Rare Book Suggests North American Holocaust

Rare Book Suggests North American Holocaust

As published in the Victoria Standard: March 13, 2019.

I have absolutely no doubt that the Nazis pondered a North American version of their European genocide against the Jews and others. However, the Nazi record is no excuse for Canada’s official marginalization of a people who played no role in the Holocaust.

A rare book from Adolf Hitler’s personal library is currently on display at Library and Archives Canada. It has been speculated by Archives staff that the Nazis might well have used Heinz Kloss’ 1944 book, Statistics, Media and Organizations of Jewry in the United States and Canada to support a North American Holocaust. The book provides a chilling account of the numbers, ethnicities and linguistic profiles of American and Canadian Jews.

I’ve compared the Archive’s reaction to Kloss’ book with the government’s quiet exclusion of literature on Palestinian issues to illustrate how understandable fear of false anti-Semitic accusations exerts a negative effect on public discourse and access to information concerning Palestine and Israeli. I can’t imagine a Government of Canada cultural institution displaying or advertising any book that contradicts the official Israeli narrative of history.
While the Nazi Holocaust was vastly worse than Israel’s past and current treatment of Palestinians both in Israel and under Israeli military occupation elsewhere, those two situations have never been related. Nevertheless, Israeli advocacy groups seem determined to link or conflate legitimate criticism of Israeli state conduct with anti-Jewish discrimination. While things have improved, Canada’s past is stained by overt anti-Semitism.

The well-known 1983 book None Is Too Many describes official Canada’s resistance to Jewish immigration in spite of the government’s awareness of Germany’s viciously racist Nuremburg Laws. These Nazi laws featured a prohibition against sexual relations or marriage between Jews and so-called Aryans and a brutal program designed to alienate and isolate German Jews, while simultaneously subjecting them to both official and random violence. Exacerbating the difficulties of these desperate European Jews were simultaneous Zionist efforts to increase Jewish settlement in Palestine. In the early 1930’s Zionist authorities launched a campaign of political and advertising pressure that successfully exploited North American anti-Semitism.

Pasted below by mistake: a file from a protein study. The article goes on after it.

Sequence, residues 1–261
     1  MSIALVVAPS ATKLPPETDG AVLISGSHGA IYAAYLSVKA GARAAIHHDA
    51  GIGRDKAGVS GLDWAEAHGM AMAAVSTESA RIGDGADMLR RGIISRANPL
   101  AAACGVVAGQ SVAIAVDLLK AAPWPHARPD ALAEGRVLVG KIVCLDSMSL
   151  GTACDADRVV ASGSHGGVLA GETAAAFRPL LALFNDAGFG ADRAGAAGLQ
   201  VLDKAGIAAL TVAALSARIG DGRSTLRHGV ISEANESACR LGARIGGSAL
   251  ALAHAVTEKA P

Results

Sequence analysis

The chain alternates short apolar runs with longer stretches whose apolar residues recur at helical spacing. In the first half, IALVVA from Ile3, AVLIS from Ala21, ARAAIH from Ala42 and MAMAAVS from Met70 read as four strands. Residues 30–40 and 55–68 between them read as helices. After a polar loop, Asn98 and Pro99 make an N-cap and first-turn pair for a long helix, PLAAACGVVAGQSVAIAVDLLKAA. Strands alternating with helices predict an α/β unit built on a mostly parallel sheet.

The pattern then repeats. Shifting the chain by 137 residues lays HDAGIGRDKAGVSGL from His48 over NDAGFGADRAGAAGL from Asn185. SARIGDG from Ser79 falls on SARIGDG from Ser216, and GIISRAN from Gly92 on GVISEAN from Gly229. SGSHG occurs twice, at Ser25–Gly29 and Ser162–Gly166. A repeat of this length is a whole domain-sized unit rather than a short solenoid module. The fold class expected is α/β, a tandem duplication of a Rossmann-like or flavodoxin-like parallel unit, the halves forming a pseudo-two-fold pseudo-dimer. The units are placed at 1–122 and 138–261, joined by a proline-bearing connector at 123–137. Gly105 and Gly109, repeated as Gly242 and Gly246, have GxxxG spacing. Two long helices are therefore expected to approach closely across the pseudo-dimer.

An Archives Canada curator likened Statistics, Media and Organizations of Jewry in the United States and Canada to the infamous Black Book, a list of British notables targeted for arrest in the event that the Nazis succeeded in Operation Sea Lion, the cancelled invasion of Britain. At the same time, a similar program called Plan Dalet was occurring in Palestine.

Plan Dalet was the pre-state Zionist blueprint for both ejecting Palestinians from the new Israeli state and seizing valuable sections of the planned Palestinian state immediately after the UN partition. Vital to the scheme were extensive geographical and population surveys of Arab Palestinian areas and the identification of influential Palestinian figures conducted by agents of the proposed Israeli state who often went about as nature hikers carrying basic surveying gear.

A search of Archives Canada’s website reveals no references to Plan Dalet or even the Nakba, the Palestinian version of events that led to the 1947 creation of Israel. In contrast, the Canadian Museum for Human Rights library actually includes “The Palestine Nakba: Decolonising History, Narrating the Subaltern, Reclaiming Memory” a 2012 book by Nur Masalha. In spite of this generalized official exclusion, a number of credible books on Plan Dalet and the Nakba are available in Canada from private sources, including two by noted Israeli historians: Adel Manna’s 2017 “Nakba and Survival” and Illan Pappe’s 2006 “The Ethnic Cleansing of Palestine.”

Both Canada and the United States have long been complicit in Israel’s illegal occupation of the West Bank and East Jerusalem by supporting the Palestinian Authority’s role as a collaborative agent of Israeli power. The United States’ greater role has been its consistent provision of military, economic and of diplomatic support to the Israeli State, which insulates it from international pressure. Therefore, it is reasonable to hold Israel, Canada and the United States to a higher standard of conduct than these nations currently demonstrate.

Archives Canada, the Canadian Museum for Human Rights and other public institutions that collect and display historical documents could easily include more information on subjects like the Nakba without diminishing Holocaust awareness. Censoring public education on controversial topics only encourages ignorance and partisanship as public discourse becomes ever more timid.